Dear Lucy: I have been dating the same woman for three years now and I am thinking about getting married to her. But each time I get ready to pop the question, I see something about her that I don’t like ...
Dear RC: Now before any readers get upset with you, I have to say that this letter could be written by a man or a woman. There are women who feel this way. The way we live today and the freedoms that our culture allow make it easier to avoid commitment to the hard work that goes into having lasting, loving relationships.
Maybe the question is not one of being afraid to get married. Maybe it’s the fear of the hard work that is required within relationship. There are lots of folk using lots of excuses for living alone. Yet, I am convinced that the marriage commitment is all about having someone to partner with in the human need to learn and to grow. You just can’t do that on an island by yourself! Do you have to get married to do it. No. But there must be something to it.
The good news is that you seem to understand that being married is serious business. When I finally met the man of my dreams, I had been married and divorced more than once! Why? Because before I met him, I got married for the wrong reasons. I prayed diligently to God to teach me how to choose with wisdom. When my Prince showed up, I was so intent on listening for God’s OK that the poor man almost got sent away!
I want to tell you what I did to help myself during our courtship. We dated for three years. During that time, I found lots of things to criticize or try to run away from. But, I also knew that he was probably seeing some of the same in me. Once I knew that he was the one with the spirit, the values, the love of the Lord, and a man who genuinely liked women as a species, I made a commitment to ask these questions when I didn’t like him or what he was doing at the time. So here they are.
• Does this cause me to change my mind about who I believe him to fundamentally be?
• Is this behavior a deal breaker and are we both clear on the boundaries of our values or is this a chance to clarify something?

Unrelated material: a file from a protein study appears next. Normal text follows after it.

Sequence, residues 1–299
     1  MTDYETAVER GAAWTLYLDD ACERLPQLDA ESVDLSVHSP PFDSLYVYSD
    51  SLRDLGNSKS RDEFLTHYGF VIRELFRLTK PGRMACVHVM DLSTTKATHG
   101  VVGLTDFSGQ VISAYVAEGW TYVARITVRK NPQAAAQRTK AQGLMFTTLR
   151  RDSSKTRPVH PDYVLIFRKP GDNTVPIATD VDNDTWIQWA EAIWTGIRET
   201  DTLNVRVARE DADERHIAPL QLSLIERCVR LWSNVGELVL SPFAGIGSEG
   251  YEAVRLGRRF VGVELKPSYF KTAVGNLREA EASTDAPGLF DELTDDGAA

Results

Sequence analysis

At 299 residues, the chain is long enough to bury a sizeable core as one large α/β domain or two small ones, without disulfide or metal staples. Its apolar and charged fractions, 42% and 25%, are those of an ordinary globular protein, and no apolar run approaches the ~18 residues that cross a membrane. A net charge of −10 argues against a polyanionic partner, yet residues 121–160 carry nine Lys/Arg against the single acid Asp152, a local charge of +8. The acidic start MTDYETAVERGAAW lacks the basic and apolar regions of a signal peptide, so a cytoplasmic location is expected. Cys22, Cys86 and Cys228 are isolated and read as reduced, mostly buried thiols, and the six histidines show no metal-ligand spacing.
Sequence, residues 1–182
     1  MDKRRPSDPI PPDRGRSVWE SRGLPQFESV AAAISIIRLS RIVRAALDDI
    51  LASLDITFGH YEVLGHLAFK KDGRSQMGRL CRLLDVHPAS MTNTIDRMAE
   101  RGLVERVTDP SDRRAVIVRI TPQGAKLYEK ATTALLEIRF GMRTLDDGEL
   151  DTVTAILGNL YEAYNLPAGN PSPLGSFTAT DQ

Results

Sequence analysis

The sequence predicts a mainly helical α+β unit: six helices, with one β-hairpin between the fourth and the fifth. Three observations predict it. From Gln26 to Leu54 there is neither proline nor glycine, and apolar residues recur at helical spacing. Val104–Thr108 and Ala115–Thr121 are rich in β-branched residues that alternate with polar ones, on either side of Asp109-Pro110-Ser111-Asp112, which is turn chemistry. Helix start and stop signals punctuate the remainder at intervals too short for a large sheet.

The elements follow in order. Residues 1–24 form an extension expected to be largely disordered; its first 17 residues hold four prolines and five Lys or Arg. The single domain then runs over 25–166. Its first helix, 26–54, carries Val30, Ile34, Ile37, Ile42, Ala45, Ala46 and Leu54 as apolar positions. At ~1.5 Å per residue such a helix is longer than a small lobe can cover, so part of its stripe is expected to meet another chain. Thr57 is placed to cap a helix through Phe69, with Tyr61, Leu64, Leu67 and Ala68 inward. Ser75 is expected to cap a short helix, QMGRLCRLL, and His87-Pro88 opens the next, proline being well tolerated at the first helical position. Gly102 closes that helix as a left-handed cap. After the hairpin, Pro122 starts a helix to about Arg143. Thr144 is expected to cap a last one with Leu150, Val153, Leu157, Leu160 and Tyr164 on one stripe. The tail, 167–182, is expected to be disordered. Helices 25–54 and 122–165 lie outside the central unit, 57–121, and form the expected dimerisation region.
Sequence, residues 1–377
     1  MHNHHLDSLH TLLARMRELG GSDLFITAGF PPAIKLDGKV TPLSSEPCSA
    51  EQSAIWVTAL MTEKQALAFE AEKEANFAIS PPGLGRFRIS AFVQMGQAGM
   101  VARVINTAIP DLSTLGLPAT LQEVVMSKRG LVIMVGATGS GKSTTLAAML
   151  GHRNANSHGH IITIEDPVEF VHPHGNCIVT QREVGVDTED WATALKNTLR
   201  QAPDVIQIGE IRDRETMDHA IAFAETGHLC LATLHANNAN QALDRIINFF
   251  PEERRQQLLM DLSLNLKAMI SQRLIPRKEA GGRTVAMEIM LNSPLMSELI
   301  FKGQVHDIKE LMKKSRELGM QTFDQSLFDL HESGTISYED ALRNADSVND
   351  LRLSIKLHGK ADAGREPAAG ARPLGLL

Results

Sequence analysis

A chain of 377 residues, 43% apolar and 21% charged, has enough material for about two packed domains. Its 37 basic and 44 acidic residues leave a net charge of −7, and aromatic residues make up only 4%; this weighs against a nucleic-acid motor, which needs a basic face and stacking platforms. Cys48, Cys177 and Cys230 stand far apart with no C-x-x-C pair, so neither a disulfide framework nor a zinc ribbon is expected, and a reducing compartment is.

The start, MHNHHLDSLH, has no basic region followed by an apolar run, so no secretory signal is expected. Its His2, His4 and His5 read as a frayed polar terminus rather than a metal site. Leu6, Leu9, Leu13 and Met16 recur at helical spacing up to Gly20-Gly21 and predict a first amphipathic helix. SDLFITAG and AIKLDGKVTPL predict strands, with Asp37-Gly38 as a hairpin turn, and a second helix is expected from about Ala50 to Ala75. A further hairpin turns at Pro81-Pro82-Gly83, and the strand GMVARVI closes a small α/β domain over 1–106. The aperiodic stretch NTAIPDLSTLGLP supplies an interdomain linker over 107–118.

• Am I speaking and acting my truth and allowing him to do the same?
• Am I expecting him to be a wimp and not a man? Is he expecting me to not have an opinion?
• And this is the most important question of all: What if I was married to him? What would I do? What if I had made a commitment before God to be with him, to support him, to love and care for him, to listen to him and to allow him to do all of these things for me as well...what would I do?
The purpose of these questions is to put your will and your imagination to work helping you to create the life you can love. To will means to exercise the power of choice and choosing. In every moment we are called to choose. We may do so consciously or unconsciously. But, either way we are exercising our freedom to choose how we want our lives to be. Imagination is the power to use the visioning capacity of the mind to “see” how we want our life to be and then using our will power to hold to that vision instead of a vision of what we don't want in our lives.
Learning to do the work that it takes to choose, to visualize and to commit to creating a life with another person is the most important decision you can make. In fact, why don’t you both agree to use the “what if” when differences arise instead of running away? Maybe it’s time to take the game to another level. The level of honest intention. What are your intentions?
Intending to succeed!
(For help with the feelings that get in the way of prayer and peace of mind, get Lucy’s new book, “BE NOT ANXIOUS.” Order it directly from her at 901-907-0260 or go to her web site www.heartworks4u.com.)